"I saved Latin. What did you ever do?"
There's no other director quite like Wes Anderson. The softly-spoken, sharply-dressed American doesn't just make films he creates beautiful miniature universes populated with strange and funny people soundtracked, inevitably, by cool '60s pop.
While Anderson's work can be arch and stiff and he's clearly not to everybody's taste we love him and so decided to rank his eight films from worst to best...
The Darjeeling Limited (2007)
Anderson's fifth feature finds a trio of typical collaborators Owen Wilson, Adrien Brody and Jason Schwartzman playing brothers abroad in India. They're taking a long haul ride on the titular train, a year after the death of their father. Along the way, their relationships begin to fracture and new bonds form.
So, the good? Well, it looks typically amazing and the soundtrack is a killer mix of Brit invasion tracks and Bollywood cuts. But while The Darjeeling Limited isn't a bad film, it's easily Anderson's flimsiest. The characters are weirdly chilly and the themes are all too familiar from earlier work. Worst of all, it's just not that funny. Anderson needed to do something different and, happily, that's exactly what he did. The animated Fantastic Mr Fox followed...
Bottle Rocket (1996)
All but ignored at the time, Anderson's debut movie is a smart and funny caper about a trio of deluded friends who set out to become crime lords.
While the film was a commercial failure, it's had a lasting impact, introducing the talents of Luke and Owen Wilson to the movie-going world. Moreover, Anderson's directorial style while not quite fully-formed yet is already fresh and distinctive.
Moonrise Kingdom (2012)
Moonrise Kingdom felt like the start of a new phase for Anderson. After the commercial success of Fantastic Mr Fox, he came back with a swing in his step and this tale of young love on an island in New England. As the threat of a hurricane bears down, two 12 year olds run away together directly into the path of the storm.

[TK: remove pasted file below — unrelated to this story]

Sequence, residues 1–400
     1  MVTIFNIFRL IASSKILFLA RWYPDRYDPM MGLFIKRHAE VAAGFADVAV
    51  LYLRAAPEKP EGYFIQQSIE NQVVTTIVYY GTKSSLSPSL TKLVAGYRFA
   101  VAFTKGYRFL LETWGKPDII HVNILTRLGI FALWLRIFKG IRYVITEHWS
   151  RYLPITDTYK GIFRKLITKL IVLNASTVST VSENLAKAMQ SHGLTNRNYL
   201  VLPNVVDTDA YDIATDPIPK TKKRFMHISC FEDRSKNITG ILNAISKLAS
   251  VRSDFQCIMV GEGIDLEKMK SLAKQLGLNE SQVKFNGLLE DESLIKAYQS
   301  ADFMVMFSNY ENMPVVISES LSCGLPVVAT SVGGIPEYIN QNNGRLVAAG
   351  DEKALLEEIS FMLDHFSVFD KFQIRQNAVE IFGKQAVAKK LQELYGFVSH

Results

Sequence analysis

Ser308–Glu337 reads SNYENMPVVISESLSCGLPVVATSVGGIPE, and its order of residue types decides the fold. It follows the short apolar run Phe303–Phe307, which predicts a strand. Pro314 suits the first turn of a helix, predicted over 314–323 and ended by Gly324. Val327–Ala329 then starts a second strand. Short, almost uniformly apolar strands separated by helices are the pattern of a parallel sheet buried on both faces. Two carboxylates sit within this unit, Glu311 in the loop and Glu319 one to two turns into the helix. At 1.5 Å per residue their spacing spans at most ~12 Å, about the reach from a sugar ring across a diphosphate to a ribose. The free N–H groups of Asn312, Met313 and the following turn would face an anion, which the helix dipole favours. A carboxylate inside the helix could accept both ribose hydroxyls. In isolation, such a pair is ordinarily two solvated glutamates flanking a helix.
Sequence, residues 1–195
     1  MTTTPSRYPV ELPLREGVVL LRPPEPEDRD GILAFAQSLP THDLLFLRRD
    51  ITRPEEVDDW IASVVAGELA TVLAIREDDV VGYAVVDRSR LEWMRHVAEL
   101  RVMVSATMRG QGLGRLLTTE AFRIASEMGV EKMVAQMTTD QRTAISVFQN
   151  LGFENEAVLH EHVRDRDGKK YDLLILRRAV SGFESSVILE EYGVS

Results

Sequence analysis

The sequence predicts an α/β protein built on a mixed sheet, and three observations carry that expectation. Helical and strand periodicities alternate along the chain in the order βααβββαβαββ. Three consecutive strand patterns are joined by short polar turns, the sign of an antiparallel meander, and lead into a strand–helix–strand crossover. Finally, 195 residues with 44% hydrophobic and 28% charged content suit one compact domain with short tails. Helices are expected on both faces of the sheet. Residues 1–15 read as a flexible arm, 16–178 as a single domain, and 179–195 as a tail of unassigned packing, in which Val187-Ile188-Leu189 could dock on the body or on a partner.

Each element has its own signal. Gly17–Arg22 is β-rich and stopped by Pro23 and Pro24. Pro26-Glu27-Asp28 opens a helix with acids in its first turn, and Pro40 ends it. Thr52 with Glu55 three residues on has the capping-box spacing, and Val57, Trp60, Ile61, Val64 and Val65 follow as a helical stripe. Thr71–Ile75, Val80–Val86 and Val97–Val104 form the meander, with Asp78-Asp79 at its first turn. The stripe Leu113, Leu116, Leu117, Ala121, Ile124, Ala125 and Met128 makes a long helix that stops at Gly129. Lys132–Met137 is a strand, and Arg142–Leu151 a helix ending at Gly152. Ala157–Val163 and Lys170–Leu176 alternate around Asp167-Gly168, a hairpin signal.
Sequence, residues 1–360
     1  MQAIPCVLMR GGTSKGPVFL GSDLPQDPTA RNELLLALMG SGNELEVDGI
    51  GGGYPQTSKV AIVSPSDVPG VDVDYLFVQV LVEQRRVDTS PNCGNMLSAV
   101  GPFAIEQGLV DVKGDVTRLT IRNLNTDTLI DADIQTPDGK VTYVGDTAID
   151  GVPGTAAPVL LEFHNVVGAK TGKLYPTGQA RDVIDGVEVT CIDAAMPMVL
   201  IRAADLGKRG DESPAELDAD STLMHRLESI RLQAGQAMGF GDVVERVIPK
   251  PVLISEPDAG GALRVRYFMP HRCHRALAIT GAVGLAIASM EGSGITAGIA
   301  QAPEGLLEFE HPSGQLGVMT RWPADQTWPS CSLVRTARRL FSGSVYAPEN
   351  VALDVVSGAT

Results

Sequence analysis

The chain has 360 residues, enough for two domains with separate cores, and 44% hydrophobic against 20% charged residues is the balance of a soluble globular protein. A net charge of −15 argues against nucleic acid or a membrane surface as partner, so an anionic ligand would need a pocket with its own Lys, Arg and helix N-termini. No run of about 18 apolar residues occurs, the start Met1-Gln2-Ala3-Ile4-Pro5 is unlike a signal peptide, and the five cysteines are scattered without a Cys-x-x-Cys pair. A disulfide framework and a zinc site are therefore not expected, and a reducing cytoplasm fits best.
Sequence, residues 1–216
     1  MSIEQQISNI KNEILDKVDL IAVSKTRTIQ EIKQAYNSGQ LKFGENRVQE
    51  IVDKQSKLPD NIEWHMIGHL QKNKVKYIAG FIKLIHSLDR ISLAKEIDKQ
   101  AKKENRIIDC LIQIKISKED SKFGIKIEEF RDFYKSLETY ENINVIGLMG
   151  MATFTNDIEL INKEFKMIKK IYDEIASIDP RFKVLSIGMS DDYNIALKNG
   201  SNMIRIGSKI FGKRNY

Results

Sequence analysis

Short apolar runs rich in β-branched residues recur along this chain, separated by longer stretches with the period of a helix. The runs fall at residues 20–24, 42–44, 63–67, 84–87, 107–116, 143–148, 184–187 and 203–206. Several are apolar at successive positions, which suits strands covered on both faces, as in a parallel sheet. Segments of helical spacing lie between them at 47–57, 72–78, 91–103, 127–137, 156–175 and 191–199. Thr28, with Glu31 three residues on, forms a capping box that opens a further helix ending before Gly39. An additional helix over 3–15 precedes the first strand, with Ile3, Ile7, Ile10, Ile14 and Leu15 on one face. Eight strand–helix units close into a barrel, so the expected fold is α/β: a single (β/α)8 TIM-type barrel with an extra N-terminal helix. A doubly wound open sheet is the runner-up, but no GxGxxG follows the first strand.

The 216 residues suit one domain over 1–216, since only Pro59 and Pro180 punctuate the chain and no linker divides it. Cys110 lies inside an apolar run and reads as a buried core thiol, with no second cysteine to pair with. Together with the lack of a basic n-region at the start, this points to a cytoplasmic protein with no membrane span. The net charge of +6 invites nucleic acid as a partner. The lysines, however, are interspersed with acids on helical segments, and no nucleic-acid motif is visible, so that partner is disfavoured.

Moonrise Kingdom is an odd little film (surprise!). It's warmer than The Darjeeling Limited, yet somehow soggier than The Life Aquatic. Its contrasts between adult weariness and youthful naivet are clear, but it still retains that divisively arch and slightly studied tone. Still, it's Anderson's starriest film, with Frances McDormand, Harvey Keitel, Bill Murray, Ed Norton and more giving their all and the laughs are back, thank goodness. The storm scenes, meanwhile, are hugely atmospheric.
The Royal Tenenbaums (2001)
Anderson's third film is by far his best known and set the template for everything he has done since. Gene Hackman stars as Royal Tenenbaum a crummy dad with a family of supremely-gifted children: Margot (Gwyneth Paltrow) is a playwright, Chas (Ben Stiller) is a maths genius and Richie (Luke Wilson) an artist and tennis prodigy. When Royal discovers that his ex-wife is to marry again, he fakes stomach cancer to win back his family's affections.
The film was a big success, with Hackman taking home a Golden Globe for his performance and the screenplay (by Anderson and Owen Wilson) was nominated for an Academy Award. Its funny-sad tone, precise visual style and absurdly dysfunctional family combined to make a film that felt like nothing else at the time. Ironically, in the wake of The Life Aquatic and The Grand Budapest Hotel, The Royal Tenenbaums is now one of Anderson's more grounded pictures.
Fantastic Mr Fox (2009)